Martin J. Williams
Associate Professor in Public Management (pre-tenure; equivalent to Assistant Professor in US system)
Blavatnik School of Government
University of Oxford
My research is on policy implementation, political economy, and public service delivery, mostly in low- and middle-income countries. I also teach and research on policy evaluation and external validity.
Featured paper (pdf): American Political Science Review 2017
“The Political Economy of Unfinished Development Projects: Corruption, Clientelism, or Collective Choice?”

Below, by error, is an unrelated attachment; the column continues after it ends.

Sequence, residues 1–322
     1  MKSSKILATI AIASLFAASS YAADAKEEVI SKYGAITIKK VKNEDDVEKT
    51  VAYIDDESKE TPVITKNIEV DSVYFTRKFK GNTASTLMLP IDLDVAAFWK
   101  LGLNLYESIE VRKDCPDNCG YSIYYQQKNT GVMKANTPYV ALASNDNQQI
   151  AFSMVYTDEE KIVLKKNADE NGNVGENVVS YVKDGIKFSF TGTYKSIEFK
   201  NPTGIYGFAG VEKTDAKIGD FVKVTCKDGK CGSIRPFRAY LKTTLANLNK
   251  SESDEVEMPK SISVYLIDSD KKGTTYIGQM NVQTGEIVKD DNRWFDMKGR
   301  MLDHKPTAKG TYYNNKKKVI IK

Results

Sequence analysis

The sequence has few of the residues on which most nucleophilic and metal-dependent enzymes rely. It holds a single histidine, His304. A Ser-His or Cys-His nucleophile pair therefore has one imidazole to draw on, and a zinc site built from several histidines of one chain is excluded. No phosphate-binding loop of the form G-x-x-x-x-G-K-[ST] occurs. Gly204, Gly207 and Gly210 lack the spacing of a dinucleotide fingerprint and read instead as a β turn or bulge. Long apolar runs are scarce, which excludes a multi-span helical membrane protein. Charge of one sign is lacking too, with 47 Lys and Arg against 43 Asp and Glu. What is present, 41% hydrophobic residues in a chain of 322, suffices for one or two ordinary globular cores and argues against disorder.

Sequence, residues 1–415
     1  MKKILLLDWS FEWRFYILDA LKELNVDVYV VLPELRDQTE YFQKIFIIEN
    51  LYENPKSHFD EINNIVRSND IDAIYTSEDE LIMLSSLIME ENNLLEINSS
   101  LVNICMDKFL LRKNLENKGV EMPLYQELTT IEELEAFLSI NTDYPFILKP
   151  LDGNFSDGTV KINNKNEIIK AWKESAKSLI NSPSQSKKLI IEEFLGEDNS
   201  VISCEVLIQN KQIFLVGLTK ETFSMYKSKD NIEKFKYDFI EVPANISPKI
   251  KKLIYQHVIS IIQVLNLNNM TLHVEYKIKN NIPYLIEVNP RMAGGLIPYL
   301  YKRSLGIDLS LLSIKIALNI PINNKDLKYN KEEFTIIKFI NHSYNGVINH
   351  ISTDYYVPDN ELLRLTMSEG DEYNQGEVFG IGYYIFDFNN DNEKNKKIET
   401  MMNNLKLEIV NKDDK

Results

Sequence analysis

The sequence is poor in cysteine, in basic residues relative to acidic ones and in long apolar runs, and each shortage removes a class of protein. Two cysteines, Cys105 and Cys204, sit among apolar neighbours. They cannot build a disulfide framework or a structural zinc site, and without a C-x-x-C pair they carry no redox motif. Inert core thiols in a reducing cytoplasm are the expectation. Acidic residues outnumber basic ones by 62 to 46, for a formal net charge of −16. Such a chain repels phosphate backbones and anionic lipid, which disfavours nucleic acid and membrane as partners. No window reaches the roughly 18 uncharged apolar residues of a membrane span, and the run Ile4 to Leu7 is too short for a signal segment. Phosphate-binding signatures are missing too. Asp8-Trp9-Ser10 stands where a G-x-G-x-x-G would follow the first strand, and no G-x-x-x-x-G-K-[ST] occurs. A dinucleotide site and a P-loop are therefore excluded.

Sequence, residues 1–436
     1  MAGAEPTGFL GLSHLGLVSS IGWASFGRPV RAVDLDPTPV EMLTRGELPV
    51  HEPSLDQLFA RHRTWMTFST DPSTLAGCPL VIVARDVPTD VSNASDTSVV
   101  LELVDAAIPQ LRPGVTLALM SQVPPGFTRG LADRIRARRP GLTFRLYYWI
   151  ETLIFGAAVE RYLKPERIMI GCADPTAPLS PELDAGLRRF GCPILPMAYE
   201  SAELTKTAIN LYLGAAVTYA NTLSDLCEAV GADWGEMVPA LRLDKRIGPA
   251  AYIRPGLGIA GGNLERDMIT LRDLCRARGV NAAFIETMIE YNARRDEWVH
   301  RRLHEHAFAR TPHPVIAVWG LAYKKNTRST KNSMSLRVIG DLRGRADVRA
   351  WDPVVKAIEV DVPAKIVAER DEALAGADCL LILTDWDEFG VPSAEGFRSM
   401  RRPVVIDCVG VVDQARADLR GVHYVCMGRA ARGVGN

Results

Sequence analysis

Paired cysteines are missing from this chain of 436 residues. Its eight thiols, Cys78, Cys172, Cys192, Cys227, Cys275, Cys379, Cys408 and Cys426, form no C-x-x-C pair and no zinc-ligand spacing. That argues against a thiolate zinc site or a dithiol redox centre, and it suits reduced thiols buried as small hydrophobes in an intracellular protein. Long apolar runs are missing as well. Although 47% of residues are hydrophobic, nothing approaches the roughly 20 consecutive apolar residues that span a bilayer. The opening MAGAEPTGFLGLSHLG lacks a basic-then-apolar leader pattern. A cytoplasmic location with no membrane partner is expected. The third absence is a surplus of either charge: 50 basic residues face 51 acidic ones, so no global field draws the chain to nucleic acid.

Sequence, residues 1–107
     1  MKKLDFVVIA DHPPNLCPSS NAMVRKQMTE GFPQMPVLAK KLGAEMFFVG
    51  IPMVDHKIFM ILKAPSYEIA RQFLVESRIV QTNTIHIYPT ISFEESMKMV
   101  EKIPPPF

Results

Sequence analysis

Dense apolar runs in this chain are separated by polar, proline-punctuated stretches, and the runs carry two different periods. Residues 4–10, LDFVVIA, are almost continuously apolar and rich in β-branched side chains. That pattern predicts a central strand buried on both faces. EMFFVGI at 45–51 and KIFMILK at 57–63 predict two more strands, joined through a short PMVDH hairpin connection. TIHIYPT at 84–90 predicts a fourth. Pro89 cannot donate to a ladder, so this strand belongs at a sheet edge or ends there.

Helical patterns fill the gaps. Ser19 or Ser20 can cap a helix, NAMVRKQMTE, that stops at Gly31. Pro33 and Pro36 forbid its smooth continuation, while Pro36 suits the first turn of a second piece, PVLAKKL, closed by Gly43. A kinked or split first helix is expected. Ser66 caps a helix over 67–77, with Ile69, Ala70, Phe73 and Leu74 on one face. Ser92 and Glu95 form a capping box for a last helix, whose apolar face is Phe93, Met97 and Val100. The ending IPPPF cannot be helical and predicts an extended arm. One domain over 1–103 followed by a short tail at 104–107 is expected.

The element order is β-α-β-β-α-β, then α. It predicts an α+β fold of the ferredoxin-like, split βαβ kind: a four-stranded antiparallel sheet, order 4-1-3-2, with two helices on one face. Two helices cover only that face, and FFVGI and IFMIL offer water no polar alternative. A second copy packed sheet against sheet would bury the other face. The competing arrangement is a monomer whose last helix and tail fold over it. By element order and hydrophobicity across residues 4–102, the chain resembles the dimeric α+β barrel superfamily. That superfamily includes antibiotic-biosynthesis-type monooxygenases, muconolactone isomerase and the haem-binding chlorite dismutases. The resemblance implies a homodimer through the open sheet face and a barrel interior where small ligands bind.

Abstract: Development projects like schools and latrines are popular with politicians and voters alike, yet many developing countries are littered with half-finished projects that were abandoned mid-construction. Using an original database of over 14,000 small development projects in Ghana, I estimate that one-third of projects that start are never completed, consuming nearly one-fifth of all local government investment. I develop a theory of project non-completion as the outcome of a dynamically inconsistent collective choice process among political actors facing commitment problems in contexts of limited resources. I find evidence consistent with key predictions of this theory, but inconsistent with alternative explanations based on corruption or clientelism. I show that fiscal institutions can increase completion rates by mitigating the operational consequences of these collective choice failures. These findings have theoretical and methodological implications for distributive politics, the design of intergovernmental transfers and aid, and the development of state capacity.